I pray that the Holy Spirit will give you the courage, stamina, and strength to walk in love like Jesus—Steps to walking, talking and acting like a Christian:

1. Lay aside the old self which is corrupt with lusts and deceit.
2. Be renewed in the spirit of your mind.
3. Put on the new self which is in the likeness of God.
4. Lay aside all falsehood, speaking the truth with your neighbor.
5.Whoever steals must steal no more but rather labor instead.
6. Let no unwholesome word proceed from your mouth but only such a word as is good for edification.
7. Do not grieve the Holy Spirit of God.
8. Let all bitterness, wrath, anger, clamor, and slander be put away from you along with all malice.
9. Be kind, tenderhearted, forgiving each other as God has forgiven you.

Do You Struggle With the Flesh and Its Sinful Desires?

Those who belong to Christ Jesus have crucified the flesh with its passions and desires. Since we live by the Spirit, let us walk in step with the Spirit.—Galatians 5:24-25

One of the most misunderstood concepts in the Christian life is that of “the flesh.” So, what is it? In today’s passage, flesh refers not simply to the physical body but also to the inner being, which is still subject to sin even though believers have a new nature given to them by God’s Spirit. Therefore, flesh refers to our entrenched habits of sinful thoughts, desires, and attitudes—which often lead to ungodly behaviors.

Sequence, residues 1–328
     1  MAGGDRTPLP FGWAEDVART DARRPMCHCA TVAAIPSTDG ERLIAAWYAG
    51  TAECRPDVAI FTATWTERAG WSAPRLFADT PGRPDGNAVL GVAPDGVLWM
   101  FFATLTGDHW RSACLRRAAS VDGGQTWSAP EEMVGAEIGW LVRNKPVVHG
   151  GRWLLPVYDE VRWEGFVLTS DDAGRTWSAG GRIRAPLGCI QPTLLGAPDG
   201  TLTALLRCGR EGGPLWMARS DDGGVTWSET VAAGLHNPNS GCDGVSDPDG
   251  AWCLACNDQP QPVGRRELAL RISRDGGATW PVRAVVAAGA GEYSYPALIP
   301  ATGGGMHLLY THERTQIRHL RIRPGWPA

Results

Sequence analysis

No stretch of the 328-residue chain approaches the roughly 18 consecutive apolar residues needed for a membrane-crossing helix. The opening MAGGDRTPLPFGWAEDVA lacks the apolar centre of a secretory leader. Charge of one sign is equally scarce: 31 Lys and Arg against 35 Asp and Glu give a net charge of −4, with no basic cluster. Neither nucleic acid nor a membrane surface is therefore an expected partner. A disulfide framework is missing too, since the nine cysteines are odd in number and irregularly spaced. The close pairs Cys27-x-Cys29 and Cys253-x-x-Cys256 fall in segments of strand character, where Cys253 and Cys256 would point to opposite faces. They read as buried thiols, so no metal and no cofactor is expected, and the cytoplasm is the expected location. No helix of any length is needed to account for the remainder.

Paul presents, in a painfully honest way, the results of living according to the flesh: deeds including immorality, impurity, idolatry, anger, strife, dissensions, and other destructive attitudes and actions. In contrast, a life led by the Holy Spirit produces the rich spiritual fruit of love, joy, peace, patience, kindness, goodness, faithfulness, gentleness, and self-control (Gal. 5:22-23).

Why do so many people who desire a godly, self-controlled life repeatedly fall to fleshly sin? Paul says the determining factor is whether or not they are being led by the Spirit. If Christians try to overcome sin on their own without submitting to the Spirit’s reproof and guidance, they will fail.

The flesh cannot be disciplined, rehabilitated, or improved. Instead, it must be put to death (Rom. 6:11). Then, through the power of the Spirit, we do not have to yield to sinful impulses but can instead present ourselves to God for obedience to His desires (Rom. 6:12-14).

Walking by the Spirit means submitting to the Lord when you feel tempted to follow your flesh. With His help, you can see your desires give way to obedience that pleases your heavenly Father.

Resentment – The Cocaine of Our Emotions

Resentment is the cocaine of the emotions, causing our blood to pump. And our energy level to rise. There is a dangerous point at which our anger ceases to be an emotion and becomes a driving force. That’s why bitter people complain to anyone who will listen.

And, like cocaine, resentment can kill. Physically– with high blood pressure and other conditions. Emotionally– with anxiety and depression. Spiritually– as it shrivels the soul.

Hatred is the rabid dog that turns on its owner. Revenge is the raging fire that consumes the arsonist. Bitterness is the trap that snares the hunter. And mercy….mercy is the choice that can set them all free.